Writing and Design

While much of your information will come from your suppliers, make sure your online catalog presents it in a clear, logical way. Make sure your writing is clear and uses complete sentences, not sentence fragments or phrases.
Writing your product description is critical to your success. Every product description should include key information customers will need. When referring to clothing, for example, make sure your product listing (not the description) lists every available size, color and variation.
Using multiple tabs is a common and effective method. Present a brief description or product summary on one tab, greater details on a second, customer reviews on a third, and for those products requiring it, technical specifications on a fourth tab.
The product page design should be uniform. Descriptive segments should appear in the same location on every page. For example, if you have some product photos on the middle left side of your screen and some on the right, adjust your pages so every product photo is in the same location.
A suggestion is having your webmaster create a design template. People inputting product information simply stick it in the right slot. Another method involves creating a detailed database that is run through one or more conversion programs. The conversion programs create the webpages automatically.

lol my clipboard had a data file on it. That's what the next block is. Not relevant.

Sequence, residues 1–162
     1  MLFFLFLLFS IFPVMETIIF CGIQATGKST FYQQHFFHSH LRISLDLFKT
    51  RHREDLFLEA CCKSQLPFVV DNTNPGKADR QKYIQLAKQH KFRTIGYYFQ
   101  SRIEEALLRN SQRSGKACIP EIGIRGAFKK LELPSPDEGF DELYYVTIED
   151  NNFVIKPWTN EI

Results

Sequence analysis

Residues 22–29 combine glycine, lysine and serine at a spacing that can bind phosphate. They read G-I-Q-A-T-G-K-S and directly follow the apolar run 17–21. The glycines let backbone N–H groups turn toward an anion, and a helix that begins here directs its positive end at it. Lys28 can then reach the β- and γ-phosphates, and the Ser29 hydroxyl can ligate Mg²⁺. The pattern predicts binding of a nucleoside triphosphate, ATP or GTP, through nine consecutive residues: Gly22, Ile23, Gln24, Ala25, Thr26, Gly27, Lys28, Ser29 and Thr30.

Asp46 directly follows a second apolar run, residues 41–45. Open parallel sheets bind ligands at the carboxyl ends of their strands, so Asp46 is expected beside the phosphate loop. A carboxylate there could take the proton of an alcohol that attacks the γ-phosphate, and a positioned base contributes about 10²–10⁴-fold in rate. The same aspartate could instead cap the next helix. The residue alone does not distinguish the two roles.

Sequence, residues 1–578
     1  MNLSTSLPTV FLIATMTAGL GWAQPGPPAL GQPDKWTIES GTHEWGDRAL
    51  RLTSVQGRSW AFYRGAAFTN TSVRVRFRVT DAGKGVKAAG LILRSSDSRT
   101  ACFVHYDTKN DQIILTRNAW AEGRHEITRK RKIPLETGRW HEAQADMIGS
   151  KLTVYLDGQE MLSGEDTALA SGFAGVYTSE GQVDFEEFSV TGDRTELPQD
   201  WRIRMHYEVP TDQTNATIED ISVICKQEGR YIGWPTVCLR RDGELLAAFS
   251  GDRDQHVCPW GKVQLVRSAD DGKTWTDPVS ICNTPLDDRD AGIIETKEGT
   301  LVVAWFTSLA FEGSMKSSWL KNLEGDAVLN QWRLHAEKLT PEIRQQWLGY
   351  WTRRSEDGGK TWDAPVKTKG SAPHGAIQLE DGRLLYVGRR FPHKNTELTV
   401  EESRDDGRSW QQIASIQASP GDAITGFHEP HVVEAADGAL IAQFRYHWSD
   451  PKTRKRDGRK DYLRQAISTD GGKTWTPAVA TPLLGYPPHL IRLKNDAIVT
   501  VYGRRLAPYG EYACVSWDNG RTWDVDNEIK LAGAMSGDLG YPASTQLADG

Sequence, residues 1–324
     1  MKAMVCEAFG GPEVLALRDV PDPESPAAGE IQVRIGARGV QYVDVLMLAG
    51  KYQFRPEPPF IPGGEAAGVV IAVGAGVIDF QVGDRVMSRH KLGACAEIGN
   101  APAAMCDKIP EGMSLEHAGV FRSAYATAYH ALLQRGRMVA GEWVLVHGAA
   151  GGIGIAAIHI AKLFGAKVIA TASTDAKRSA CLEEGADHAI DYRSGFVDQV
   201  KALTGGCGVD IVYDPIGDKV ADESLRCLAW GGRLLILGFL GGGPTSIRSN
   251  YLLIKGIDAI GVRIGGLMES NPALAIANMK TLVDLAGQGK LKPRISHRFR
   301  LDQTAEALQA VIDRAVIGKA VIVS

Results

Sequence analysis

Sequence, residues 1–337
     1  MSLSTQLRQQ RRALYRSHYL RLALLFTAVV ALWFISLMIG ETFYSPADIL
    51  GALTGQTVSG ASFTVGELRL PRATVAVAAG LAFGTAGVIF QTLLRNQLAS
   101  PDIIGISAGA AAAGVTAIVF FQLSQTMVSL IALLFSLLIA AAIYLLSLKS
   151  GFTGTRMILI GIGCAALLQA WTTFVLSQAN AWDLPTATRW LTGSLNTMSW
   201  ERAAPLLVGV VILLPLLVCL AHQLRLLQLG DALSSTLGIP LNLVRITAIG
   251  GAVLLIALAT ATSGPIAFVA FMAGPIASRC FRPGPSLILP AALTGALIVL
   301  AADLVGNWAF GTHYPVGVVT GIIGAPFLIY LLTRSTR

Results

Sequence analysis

Your design is also a key in helping your customers find the products they want. Start with a combination of pop-out menu category lists on the left side. This helps your customer narrow their search to a given product category, such as long-sleeved work shirts. Have a summary page of smaller photos with links to each product category next to the menu. When your menu reaches the bottom level of a given category, include photos of specific products prices, brief descriptions and links to each product’s specific page.
Also make sure your website allows customers to enter specific terms and search for products that match those terms. For example, someone should be able to enter “men’s shoes size 12 DD” and come up with a list of products that match those terms. They should also be able to enter simply “women’s shoes” and be shown a much broader list of products.
By this point you should have a good general idea of what your online catalog may look like. Just writing and designing it, though, does not mean customers can find it unless they have already visited your site. That is where search engine optimization comes in.